The class book review: The Book of Dust Volume One – La Belle Sauvage

Young people and adults will be equally gripped by Pullman’s much-anticipated return to His Dark Materials, although less mature readers may be baffled at times

Jackie Murrell

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The Book of Dust Volume One:
La Belle Sauvage
By Philip Pullman
David Fickling
560pp, £20, hardback
ISBN: 9780385604413


Philip Pullman’s return to the world of the His Dark Materials trilogy again offers a cornucopia of ideas and vivid characters. Original heroine Lyra is here just a baby, but rumours of a prophecy concerning her future significance swirl around her and she faces several potential enemies. When a flood of biblical proportions devastates the country, she is rescued by young innkeeper’s son Malcolm and kitchen help Alice, who embark on a perilous search for safety in Malcolm’s canoe, La Belle Sauvage.

It begins like a spy story, as Malcolm finds a hidden message, witnesses troubling events and spies for a secret resistance group. Lurking in the background is the oppressive Magisterium, an extreme religious movement that infiltrates Malcolm’s school and encourages pupils to report on nonconformity in scenes reminiscent of Stalin’s Russia. An outwardly charismatic villain with a disturbing past and a grotesque daemon pursue Lyra across the waters in some seriously frightening encounters. Everything seems to be related to the mysterious “Dust”.

Physics, theology and fantasy all come into play as academia meets the gothic and classic adventure merges with primitive magic. The tone often considerably darkens, although there are also comedic moments. It will be enjoyed on different levels by young people and adults, although less mature readers may find themselves baffled at times. It seems very much part of a series rather than a complete story in itself, but will doubtless inspire new as well as former devotees.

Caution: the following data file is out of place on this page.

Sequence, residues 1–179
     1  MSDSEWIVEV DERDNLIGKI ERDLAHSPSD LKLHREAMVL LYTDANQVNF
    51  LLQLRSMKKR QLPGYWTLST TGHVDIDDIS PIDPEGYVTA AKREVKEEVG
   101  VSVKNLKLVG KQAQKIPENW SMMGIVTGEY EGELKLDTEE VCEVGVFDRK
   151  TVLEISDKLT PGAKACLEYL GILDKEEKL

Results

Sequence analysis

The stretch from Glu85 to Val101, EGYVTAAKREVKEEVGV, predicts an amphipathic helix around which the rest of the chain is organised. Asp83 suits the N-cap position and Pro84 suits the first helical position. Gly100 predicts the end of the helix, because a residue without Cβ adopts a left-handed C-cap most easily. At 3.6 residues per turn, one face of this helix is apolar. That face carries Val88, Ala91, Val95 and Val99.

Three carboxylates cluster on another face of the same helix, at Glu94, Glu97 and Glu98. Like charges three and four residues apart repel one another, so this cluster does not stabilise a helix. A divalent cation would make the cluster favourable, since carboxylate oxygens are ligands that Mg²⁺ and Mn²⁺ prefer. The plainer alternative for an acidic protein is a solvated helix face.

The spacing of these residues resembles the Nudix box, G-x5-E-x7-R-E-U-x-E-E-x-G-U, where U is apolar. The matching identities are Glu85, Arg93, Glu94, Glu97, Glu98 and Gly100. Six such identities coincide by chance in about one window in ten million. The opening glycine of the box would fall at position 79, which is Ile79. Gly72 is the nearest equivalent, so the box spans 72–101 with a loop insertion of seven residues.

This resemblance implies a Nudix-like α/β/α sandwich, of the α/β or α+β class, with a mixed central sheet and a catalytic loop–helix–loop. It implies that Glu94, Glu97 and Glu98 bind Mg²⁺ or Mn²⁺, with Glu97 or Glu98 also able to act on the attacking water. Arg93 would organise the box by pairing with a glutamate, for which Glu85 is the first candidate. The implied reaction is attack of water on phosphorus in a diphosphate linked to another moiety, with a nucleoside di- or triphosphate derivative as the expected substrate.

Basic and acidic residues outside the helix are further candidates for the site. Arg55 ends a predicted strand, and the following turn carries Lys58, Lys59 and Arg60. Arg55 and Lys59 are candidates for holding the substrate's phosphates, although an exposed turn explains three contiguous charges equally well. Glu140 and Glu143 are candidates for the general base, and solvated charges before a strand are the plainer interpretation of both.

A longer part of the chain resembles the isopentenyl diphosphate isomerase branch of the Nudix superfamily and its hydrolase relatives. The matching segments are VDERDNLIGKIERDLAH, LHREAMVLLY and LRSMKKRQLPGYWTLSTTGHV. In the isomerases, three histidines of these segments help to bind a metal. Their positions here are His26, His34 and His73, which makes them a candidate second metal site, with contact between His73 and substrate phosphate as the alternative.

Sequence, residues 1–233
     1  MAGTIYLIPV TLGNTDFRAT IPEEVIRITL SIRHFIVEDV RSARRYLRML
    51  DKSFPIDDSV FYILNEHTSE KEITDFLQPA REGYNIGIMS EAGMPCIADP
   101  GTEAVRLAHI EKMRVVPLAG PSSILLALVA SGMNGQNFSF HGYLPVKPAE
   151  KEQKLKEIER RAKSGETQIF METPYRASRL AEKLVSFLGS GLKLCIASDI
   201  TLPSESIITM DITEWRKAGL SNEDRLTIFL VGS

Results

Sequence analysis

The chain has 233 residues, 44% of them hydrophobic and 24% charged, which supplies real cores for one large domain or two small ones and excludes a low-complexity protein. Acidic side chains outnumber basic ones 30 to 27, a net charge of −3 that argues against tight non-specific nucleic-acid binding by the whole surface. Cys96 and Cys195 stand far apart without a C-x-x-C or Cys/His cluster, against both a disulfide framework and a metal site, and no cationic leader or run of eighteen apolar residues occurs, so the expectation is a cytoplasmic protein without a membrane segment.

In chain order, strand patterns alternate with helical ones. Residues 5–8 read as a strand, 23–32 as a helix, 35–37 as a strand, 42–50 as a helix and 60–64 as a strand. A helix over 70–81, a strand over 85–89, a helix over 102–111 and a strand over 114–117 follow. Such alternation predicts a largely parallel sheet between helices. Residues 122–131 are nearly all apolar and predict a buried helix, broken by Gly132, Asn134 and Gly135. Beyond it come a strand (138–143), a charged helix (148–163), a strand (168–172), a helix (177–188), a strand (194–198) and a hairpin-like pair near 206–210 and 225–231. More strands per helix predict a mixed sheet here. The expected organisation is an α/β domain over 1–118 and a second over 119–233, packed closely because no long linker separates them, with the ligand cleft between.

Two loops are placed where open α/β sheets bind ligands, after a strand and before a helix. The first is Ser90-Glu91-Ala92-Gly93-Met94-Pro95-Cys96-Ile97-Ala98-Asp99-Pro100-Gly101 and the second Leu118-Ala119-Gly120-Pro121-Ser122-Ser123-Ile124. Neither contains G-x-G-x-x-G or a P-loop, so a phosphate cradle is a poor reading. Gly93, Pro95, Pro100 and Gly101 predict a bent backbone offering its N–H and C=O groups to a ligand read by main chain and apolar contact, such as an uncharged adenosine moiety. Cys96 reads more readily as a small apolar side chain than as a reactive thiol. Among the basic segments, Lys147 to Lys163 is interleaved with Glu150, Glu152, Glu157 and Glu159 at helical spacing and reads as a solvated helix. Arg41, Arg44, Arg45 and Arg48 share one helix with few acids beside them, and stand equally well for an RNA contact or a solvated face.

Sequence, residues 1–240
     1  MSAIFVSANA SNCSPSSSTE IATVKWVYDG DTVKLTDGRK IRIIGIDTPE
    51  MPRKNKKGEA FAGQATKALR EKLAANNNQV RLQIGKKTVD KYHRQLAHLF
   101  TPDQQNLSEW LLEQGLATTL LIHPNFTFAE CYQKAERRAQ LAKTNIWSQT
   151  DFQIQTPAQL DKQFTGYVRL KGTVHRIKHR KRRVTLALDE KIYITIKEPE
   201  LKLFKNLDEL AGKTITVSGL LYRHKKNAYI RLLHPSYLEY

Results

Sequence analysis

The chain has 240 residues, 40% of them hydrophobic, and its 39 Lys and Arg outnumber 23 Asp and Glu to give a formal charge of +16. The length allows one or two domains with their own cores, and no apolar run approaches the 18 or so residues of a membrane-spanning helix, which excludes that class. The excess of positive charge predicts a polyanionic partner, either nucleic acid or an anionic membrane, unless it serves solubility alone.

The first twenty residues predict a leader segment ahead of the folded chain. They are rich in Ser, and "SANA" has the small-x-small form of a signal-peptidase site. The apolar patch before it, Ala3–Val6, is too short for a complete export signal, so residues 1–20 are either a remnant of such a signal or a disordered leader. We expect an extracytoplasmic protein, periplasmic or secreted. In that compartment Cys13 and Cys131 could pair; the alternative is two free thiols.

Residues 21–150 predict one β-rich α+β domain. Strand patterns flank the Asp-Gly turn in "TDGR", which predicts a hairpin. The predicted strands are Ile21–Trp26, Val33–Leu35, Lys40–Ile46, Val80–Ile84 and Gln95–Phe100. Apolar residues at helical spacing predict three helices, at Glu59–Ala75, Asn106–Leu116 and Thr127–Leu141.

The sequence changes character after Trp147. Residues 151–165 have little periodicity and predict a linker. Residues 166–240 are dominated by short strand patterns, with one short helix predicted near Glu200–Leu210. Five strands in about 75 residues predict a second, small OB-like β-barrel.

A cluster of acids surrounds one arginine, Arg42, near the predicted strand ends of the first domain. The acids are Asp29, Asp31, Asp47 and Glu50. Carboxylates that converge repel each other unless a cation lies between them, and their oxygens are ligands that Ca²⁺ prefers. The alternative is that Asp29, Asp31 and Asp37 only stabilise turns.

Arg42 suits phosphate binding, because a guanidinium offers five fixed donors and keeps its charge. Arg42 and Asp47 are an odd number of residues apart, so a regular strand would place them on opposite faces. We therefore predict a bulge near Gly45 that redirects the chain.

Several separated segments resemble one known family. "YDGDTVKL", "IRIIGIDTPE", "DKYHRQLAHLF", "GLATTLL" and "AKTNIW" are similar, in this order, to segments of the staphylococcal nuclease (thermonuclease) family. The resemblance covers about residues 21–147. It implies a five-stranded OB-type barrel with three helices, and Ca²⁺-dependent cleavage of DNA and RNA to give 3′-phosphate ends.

Jackie Murrell is the librarian at Bromley High School

Pupil reviews

A big book, maybe bigger than you think

‘The language was more sophisticated than usual’

I really enjoyed this book with its complex, but understandable plot. It was interesting to see how Malcolm overcame challenges each time to continue on his adventure. All the characters were well developed and had different ways of enriching the story. My only criticism is the way in which it was written – the language used was a little more sophisticated than you’d usually find in books written for young adults. This could discourage some readers, and the book may need to be reread with care.

Francine, aged 14


‘Each page leads you deeper into the dark side’

This was a page-turning adventure, each page revealing more surprises, twists and turns. The characters were richly described and I had real empathy for Lyra. Alice became very strong and dependable, and I laughed at the way she undermined Malcolm’s baby-caring skills. Each chapter was a revelation. My favourite starts gently with Alice making bread, but each page leads you deeper into the dark side of those wishing to harm Lyra. I couldn’t put it down and found it exciting, and at times unexpected. I wasn’t ever sure who Malcolm could trust. I can’t wait for the next book!

Rachel Dobson, aged 13


‘Contains many genres knitted together’

I was slightly put off by its daunting size, thinking it would be one of those “long and boring” books, but from the word go, it gripped me and I couldn’t put it down. My favourite character has to be Malcolm. His simple life gets very complicated in a world where the dominating religion, politics and sciences are clashing. I related to him and could easily see the world through his eyes. The boy is clever, curious and quick on his feet. This book is for everyone as, despite being a fantasy, it contains many genres knitted together to make a one-of-a-kind experience.

Jahnavi Singh, aged 13


‘A secret inscription adds mystery and intrigue’

This beautifully written prequel captures the reader in a magnificent world of fantasy. I found myself falling in love with the characters, which added to the tension when they were in danger. There is a secret inscription on the spine, hidden under the sleeve of the book – a little detail that I was delighted to discover. The cover is embellished with golden specks on a black background and missing the actual title, which adds an aura of mystery and intrigue. It suggested to me that the book was about something much bigger than itself, but it was concealed, waiting to be discovered. I cannot wait for the next instalment.

Aria Sharma, aged 13


‘The strong language and sexual content disturbs’

Written in brilliant, descriptive language, avid readers could really lose themselves in the story. Malcolm is very engaging and credible. The book can be enjoyed on a surface level by children, but also on a much deeper level by adults or those who understand the higher-level language, and biblical and Nazi allusions. Although the book is written for children, I think that parents might be concerned with the strong language and sexual content, which I found unnecessary and a little disturbing. Overall, an excellent book, well written and a great story, but for older teens.

Bethany, aged 12


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Jackie Murrell

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